|The spot in Idlib, north-wesetern Syria where Abu Bakr al Baghdadi was killed by US special forces…
NEWS BAGHDADI SUCCESSOR
DUBAI (UAE): The “martyrdom” of Islamic State commander Abu Bakr al-Baghdadi at the hands of the US special force was confirmed in a statement by the jihadist group on Thursday and said his successor is Abu Ibrahim al-Hashimi al-Quraishi, who headed its legal wing. “We mourn you… commander of the faithful,” said Abu Hamza al-Quraishi — the group’s new spokesman via an audio statement.
The group also confirmed the killing in another raid the following day of the group’s previous spokesman Abu Hassan al-Muhajir. The Islamic State’s legislative and consultative body convened after Baghdadi’s death in Idlib, Syria’s north-western province this past week. The 48-year-old Baghdadi led IS since 2014 and was the world’s most wanted man. The IS statement said, “The Islamic State shura council convened immediately after confirming the martyrdom of Sheikh Abu Bakr al-Baghdadi, and the elders of the holy warriors agreed on a replacement at the top,” said the seven-minute message.
The IS spokesman warned the United States to beware. “Crazy old man” was how he called US President Donald Trump who announced Baghdadi’s death in a televised address from the White House on Sunday. Trump stated then that Baghdadi died after running into a dead-end tunnel, whimpering and crying and screaming all the way. He added that Baghdadi “died like a dog”.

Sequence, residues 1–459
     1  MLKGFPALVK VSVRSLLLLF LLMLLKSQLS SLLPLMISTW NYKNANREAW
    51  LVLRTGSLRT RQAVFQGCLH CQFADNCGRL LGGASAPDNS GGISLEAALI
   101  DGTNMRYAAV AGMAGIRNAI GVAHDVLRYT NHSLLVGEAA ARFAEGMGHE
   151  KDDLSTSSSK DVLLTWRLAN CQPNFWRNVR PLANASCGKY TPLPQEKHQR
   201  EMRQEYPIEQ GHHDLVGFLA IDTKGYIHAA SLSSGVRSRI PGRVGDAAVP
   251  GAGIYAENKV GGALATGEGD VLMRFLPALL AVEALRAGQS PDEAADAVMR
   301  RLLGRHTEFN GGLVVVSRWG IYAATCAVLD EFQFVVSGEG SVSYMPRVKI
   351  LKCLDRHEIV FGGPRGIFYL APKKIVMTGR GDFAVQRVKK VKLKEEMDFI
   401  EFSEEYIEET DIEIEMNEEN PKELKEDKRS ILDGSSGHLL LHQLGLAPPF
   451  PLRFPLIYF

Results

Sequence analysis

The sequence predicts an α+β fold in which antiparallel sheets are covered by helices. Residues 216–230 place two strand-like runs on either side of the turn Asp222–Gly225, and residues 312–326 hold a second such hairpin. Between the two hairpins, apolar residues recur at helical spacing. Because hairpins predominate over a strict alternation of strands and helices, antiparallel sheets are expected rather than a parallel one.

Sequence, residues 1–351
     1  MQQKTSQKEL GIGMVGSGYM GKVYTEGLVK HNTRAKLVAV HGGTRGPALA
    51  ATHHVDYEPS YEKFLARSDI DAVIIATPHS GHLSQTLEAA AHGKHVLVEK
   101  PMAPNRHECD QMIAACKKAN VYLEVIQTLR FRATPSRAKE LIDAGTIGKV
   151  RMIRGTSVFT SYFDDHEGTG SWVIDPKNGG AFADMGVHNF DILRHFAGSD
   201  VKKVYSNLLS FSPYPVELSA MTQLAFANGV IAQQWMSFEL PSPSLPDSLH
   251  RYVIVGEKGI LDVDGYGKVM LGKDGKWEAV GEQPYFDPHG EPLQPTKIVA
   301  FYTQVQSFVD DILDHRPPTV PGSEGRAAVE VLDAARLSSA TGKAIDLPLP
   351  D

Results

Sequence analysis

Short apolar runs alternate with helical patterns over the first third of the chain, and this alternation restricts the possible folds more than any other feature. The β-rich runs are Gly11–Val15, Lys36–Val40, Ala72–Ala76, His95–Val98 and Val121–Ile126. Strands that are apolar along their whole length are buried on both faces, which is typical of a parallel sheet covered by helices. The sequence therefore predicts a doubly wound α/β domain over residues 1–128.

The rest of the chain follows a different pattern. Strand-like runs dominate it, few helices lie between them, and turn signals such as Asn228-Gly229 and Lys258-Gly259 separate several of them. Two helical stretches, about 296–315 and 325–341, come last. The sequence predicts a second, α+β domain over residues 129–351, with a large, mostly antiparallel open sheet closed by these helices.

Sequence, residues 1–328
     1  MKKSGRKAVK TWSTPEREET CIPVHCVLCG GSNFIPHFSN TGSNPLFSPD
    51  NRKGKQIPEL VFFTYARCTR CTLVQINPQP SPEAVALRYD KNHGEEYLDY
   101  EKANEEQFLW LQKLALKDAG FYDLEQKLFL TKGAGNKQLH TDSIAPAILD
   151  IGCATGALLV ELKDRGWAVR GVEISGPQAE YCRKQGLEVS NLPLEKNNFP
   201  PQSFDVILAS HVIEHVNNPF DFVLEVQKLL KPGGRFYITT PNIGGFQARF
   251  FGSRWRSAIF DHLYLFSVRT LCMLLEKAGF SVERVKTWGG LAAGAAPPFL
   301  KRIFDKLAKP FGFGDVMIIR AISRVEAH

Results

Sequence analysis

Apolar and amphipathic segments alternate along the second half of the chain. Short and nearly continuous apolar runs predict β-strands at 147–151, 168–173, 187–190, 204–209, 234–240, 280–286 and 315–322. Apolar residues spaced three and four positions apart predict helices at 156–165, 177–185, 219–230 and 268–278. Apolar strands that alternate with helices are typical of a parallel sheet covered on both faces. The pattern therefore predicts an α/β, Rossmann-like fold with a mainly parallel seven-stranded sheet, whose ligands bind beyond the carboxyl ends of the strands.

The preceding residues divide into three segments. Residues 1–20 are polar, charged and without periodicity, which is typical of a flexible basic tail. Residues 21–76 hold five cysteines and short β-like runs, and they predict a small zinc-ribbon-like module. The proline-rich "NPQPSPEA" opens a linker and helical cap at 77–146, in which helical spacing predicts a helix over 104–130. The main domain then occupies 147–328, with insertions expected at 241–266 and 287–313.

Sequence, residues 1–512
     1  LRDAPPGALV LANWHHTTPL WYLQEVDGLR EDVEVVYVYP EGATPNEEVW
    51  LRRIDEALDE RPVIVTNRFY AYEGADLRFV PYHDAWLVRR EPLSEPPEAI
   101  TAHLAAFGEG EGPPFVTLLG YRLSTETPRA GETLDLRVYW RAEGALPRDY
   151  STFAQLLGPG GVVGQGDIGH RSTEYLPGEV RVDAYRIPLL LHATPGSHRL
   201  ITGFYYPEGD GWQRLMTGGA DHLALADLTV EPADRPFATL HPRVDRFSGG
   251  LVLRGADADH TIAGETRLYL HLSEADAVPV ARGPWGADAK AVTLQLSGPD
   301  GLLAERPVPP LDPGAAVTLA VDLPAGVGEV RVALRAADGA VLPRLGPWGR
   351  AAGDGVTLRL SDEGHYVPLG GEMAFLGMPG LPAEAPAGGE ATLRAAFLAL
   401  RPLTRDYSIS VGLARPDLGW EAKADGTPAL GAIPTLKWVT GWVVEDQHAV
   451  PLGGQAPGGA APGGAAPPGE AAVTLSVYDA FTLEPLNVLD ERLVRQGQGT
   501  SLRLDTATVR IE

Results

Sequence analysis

“Do not rejoice America,” the spokesman warned. “The new chosen one will make you forget the horror you have beholden… and make the achievements of the Baghdadi days taste sweet.”
Syrian Kurdish forces run prisons in northeastern Syria where around 12,000 IS suspects are held. Most of those prisoners are Iraqis or Syrians but the detainees also include more than 2,000 foreigners, including many women, who hail from more than 50 different countries.
In years-long battles, with aerial and logistical assistance from an international coalition led by the US, the Iraqi and Syrian forces have wrested back all the territory lost to IS in 2014. Fighters from the newly-formed IS group that year swept through much of the Sunni heartland in Iraq and Syria to declare a “caliphate” that further expanded to reach roughly the size of Great Britain. Years of battles led to the elimination in 2019 of IS’ self-declared territorial “caliphate”, ending an unprecedented experiment in jihadist statehood which saw a well-organised administration mint its own currency, produce school textbooks and levy taxes. But while that entity collapsed in March in the remote eastern Syrian village of Baghouz, the organisation went underground and reverted to well-honed guerrilla tactics that continue to do hurt its targets.
A recent Turkish invasion targeting the Kurdish forces that had fought against IS in Baghouz has wrought havoc in northeastern Syria, whose geopolitical map is being redrawn. Observers have warned that the power vacuum and confusion may create an opportunity for IS to rebuild and make fresh territorial gains. IS has a very horizontal structure, analysts say, and the impact of a decapitation strike may be more symbolic than operational, leaving the group’s global jihadist brand and efficiency as an insurgency largely intact. == Agencies, IHN-NN